Coffee is the worst performing soft commodity this year as rains in Brazil drive down prices, but experts say positive fundamentals should translate into a solid rebound.
Arabica coffee listed on the Intercontinental Exchange (ICE) is down over 20 percent year-to-date, with prices hovering at one-year lows around 130 U.S. cents per pound. But commodity analysts at Rabobank expect prices to climb 15 percent to 150 cents by year-end.
"The fundamental wheels of coffee should exert their upward pressure in the coming months as a significant supply deficit materializes in further stock declines both in producing and non-producing countries," Rabobank said.
Coffee outperformed among soft commodities in 2014 as a drought in Brazil - the world's largest coffee producer - limited supplies. However, favorable weather spurred heavy selling this year, which has been exacerbated by the Brazilian real's around 33 percent decline against the U.S. dollar over the past six months.
Rabobank expects a global deficit of 6 million bags in the current 2014/15 crop year, citing lower output from Brazil and resilient global demand. In the following year, they expect the deficit to hit 1.6 million bags.
The International Coffee Organization (ICO) shares similar views. In a market report published last week, it projected global coffee output of 142 million bags for 2014-15, compared to an estimated 149 million bags consumed.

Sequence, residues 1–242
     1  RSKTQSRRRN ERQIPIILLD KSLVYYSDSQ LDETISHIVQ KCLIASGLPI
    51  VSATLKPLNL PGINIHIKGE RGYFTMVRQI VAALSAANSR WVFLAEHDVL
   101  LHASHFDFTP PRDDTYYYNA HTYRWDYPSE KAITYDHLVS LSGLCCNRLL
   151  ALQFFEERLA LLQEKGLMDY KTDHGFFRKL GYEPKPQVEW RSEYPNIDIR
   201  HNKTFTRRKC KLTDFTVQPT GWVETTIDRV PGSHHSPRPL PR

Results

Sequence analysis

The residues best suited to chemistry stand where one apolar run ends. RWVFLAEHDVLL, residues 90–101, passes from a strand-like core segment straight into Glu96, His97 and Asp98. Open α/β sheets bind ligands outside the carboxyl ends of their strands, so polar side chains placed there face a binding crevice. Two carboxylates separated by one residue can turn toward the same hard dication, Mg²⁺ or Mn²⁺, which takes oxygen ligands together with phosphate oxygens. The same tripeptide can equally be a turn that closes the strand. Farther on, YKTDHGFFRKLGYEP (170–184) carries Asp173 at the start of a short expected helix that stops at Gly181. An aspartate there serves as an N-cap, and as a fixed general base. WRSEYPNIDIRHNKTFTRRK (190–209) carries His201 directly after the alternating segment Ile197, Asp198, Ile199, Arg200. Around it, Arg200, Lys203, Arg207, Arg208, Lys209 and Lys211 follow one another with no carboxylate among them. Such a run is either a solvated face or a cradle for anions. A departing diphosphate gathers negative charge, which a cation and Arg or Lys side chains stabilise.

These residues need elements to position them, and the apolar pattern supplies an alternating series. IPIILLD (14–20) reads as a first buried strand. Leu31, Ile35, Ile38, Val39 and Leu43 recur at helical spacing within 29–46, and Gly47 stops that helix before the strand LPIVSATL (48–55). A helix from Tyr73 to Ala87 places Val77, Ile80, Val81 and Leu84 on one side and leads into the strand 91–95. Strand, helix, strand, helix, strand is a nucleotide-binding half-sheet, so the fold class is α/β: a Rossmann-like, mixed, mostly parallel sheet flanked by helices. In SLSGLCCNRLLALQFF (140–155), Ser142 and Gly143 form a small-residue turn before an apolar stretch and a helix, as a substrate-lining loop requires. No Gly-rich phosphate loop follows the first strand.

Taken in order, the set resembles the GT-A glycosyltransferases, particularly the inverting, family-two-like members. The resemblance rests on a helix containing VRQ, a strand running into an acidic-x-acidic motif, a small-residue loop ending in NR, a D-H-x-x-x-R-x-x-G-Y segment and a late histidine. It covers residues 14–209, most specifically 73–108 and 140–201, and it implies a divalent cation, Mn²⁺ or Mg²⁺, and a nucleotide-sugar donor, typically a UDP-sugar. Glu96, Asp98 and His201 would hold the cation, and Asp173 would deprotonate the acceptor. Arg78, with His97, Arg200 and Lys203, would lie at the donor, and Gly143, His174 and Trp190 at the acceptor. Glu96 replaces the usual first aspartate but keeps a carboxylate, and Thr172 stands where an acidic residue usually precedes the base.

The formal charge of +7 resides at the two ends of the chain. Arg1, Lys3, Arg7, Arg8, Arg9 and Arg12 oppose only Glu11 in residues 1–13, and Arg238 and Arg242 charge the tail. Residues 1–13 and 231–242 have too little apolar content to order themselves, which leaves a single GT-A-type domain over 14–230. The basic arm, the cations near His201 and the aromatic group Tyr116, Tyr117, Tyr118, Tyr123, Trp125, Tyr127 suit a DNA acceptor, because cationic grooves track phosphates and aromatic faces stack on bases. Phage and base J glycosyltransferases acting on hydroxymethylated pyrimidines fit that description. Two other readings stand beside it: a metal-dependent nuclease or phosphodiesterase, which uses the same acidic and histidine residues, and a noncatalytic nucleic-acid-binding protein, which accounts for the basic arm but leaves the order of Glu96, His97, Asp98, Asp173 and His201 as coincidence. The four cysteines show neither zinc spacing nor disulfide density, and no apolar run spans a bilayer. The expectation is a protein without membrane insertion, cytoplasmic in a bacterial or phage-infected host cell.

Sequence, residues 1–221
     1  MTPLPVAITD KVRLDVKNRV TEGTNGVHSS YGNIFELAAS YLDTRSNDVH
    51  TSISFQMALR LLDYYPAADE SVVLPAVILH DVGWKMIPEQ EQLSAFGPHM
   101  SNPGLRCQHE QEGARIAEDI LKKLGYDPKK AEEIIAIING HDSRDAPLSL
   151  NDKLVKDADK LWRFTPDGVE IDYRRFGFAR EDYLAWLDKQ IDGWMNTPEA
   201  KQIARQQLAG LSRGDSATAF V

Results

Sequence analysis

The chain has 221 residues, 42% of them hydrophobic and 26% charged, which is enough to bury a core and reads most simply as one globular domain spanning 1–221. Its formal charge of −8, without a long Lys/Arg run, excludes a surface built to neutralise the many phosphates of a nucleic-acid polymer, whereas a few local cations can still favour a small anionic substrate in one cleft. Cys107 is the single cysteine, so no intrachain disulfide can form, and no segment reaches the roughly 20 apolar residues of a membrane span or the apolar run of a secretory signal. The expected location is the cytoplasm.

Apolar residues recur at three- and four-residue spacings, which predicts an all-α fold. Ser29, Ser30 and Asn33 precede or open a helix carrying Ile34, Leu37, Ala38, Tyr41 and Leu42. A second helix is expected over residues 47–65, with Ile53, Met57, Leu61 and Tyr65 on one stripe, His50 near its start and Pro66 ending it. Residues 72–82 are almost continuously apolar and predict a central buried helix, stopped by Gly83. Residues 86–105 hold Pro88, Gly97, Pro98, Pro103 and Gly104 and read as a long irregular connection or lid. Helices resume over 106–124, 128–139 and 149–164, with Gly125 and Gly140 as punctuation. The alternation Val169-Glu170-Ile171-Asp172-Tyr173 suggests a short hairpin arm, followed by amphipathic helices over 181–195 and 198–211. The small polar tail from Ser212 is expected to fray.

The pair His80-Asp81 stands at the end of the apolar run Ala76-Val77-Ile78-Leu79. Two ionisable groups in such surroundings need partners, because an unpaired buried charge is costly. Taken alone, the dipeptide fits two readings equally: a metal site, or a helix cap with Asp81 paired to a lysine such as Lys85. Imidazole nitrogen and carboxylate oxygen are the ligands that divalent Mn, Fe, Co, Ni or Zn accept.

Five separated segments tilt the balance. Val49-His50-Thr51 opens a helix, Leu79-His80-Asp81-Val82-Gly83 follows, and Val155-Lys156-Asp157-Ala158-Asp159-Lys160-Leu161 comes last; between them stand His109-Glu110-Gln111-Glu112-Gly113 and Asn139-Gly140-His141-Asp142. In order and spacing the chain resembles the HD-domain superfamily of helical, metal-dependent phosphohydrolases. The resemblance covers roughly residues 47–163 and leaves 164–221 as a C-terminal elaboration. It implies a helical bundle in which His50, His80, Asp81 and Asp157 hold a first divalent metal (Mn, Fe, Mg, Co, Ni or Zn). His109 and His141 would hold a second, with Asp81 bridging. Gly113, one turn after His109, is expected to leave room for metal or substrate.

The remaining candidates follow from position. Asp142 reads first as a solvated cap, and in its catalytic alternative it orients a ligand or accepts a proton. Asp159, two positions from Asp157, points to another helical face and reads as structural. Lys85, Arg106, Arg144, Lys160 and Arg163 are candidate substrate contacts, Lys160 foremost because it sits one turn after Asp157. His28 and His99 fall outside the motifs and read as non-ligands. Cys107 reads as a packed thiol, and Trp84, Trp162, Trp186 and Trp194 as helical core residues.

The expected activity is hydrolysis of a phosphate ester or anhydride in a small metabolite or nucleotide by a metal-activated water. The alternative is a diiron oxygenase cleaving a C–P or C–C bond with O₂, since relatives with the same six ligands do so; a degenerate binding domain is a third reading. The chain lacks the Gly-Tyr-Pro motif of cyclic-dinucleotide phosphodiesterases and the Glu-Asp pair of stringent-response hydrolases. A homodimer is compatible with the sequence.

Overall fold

"Given the lower production levels in 2014/15, it is expected that [inventory] stocks will be used to supply the market. This would normally result in higher prices," said Mauricio Galindo, the ICO's head of operations.
Despite recent rainfall in Brazil, only 48 million bags of coffee were harvested in 2014/15, a drop of 7 million bags from the previous year due to a harsh 3-month drought in early 2014, Rabobank said.
The bulk of coffee crops typically grow on new tree branches; given that last year's dry weather conditions hindered tree growth, the 2015-16 crop will be hurt as well, the bank said.
Strong demand from North America, Europe and Japan will also underpin higher market prices, the ICO said. On average, these regions post a 1.6 percent rise in annual demand.
Not everyone is as optimistic, however.
"We have been constructive of Arabica coffee prices since January 2014, but the technical fund unwind of late puts our price outlook targeting levels north of $2.00/lb in jeopardy," said Citi analysts in a recent note.
Citi said that a variety of technical factors could continue to pressure prices in the short-term, such as funds cutting 80 percent of net length on ICE futures since late November, category gross shorts up 7-fold, and the Brazilian real poised to weaken to 3.00-3.10 per dollar.
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